Why spinnerbaits are weedless and how to keep them from getting stuck

There are a lot of reasons you should be fishing with spinnerbaits. They have been a fish catching lure for decades. They work in a lot of water conditions and times of the year. And maybe best of all, they’re one of the most weedless lures you can use.

Weedless is a term that fisherman use to denote how likely a bait is to get stuck on weeds, grass, trees, or really anything in the water. Spinnerbaits are a very weedless bait because they are not likely to get stuck in almost any of these things that may be in your fishery.

But why? And how can you make a spinnerbait more weedless?

Why a spinnerbait is weedless

The main reason that a spinnerbait is weedless is because of the metal arm that protrudes from it’s blades and connects to the head of the bait. 

This metal arm is great at knocking twigs, grass, or anything out of the way as it moves through the water column. It’s also good at deflecting the rest of the bait away from heavy stumps or brush piles, preventing your hook from embedding itself in it which makes you get stuck.

spinnerbaits weedless get stuck

Additionally, a spinnerbait is uniquely weedless because of it’s hook. If you look at a jerkbait, crankbait, or most other moving baits they have very exposed treble hooks. Which means they have 3 points that can get stuck at any time. If they have 2 hooks, it’s 6 points.

A spinnerbait has one single hook, sometimes two if it has a trailer hook. This by itself severely diminishes your chances of getting stuck on anything while fishing.

But the hook position is also unique in that it doesn’t hang freely from the bait. It is in line with the metal arm, directly behind the head. This again makes it less likely that a hook will happen to grab something on the lake bottom. It stays in line with the arm, which knocks everything out of it’s way. 

The metal arm tied with this unique hook design is what really makes a spinnerbait so weedless, especially compared to other moving baits.

Why am I getting stuck with a spinnerbait?

The moniker of any bait being truly “weedless” is false. Everything can get stuck. A weedless bait is just much less likely to do so.

So if you have lost a spinnerbait to the bottom of your lake you may not have done anything incorrectly. Sometimes this just happens in fishing, no matter the lure you’re using.

But if you’re losing multiple spinnerbaits then you have a problem that shouldn’t be happening. So let’s look into a couple of the reasons you might be getting stuck with spinnerbaits. And how to fix them!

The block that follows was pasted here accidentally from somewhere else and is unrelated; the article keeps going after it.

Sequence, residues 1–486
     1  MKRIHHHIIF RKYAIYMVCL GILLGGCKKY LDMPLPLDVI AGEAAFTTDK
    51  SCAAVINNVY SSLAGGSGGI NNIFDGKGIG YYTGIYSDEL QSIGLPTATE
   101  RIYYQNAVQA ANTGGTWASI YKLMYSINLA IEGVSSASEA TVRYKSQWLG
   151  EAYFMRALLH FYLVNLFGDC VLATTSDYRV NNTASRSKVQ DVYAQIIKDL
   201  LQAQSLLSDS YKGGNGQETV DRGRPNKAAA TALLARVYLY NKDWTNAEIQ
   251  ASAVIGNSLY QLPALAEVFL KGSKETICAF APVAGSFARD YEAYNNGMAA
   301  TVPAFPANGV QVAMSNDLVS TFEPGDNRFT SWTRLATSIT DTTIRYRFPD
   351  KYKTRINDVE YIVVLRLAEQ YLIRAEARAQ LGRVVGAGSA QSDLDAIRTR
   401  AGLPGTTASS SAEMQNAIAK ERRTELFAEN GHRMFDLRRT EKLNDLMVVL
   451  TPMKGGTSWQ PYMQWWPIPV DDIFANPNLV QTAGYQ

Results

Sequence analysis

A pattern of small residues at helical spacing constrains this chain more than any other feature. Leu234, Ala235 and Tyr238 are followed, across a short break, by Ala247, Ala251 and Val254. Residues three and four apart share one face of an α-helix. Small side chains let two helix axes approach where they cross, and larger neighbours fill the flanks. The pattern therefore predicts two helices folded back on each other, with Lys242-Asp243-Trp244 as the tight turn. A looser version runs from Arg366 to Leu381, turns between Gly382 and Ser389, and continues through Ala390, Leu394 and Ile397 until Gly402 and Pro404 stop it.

You're not reeling a spinnerbait through cover correctly

The most common reason that fisherman get spinnerbaits stuck is because they aren’t fishing them through pieces of cover like wood or grass correctly.

Many people feel the tension of their line from hitting a piece of wood or rock and then immediately jerk their rod towards them to try and pop the bait off it. This is actually the complete wrong way to get a bait out of a tight spot.

Jerking the bait makes it much more likely you will get stuck. This is because you are quickly forcing the hook into the wood, grass, or whatever thing you’re stuck in, likely embedding it so deep you can’t get it out.

fisherman spinnerbait getting stuck

Instead, you need to just gently pull it over the piece of cover you feel. As I’ve mentioned previously, a spinnerbait has a metal arm that diverts the hook from trouble areas. So when you feel something on your line it’s likely the arm of your bait has just started hitting it.

If you just slowly lift your rod tip up and pull the bait steadily over the cover, the metal arm will protect the hook completely and you’ll never give enough force to actually get the hook stuck into anything. Once you feel the bait break loose, you can just keep on fishing.

It’s a hard habit to break, but if you stop yanking as soon as you think you might be getting stuck and instead lift your rod tip over it slowly – you’re likely to stop getting stuck as much.

Trailer hooks will get stuck more

To trailer hook or not to trailer hook… that is the question.

I mentioned above how the hook position of a spinnerbait is what makes it so weedless. But if you put a trailer hook on your spinnerbait, that takes this completely out of the equation.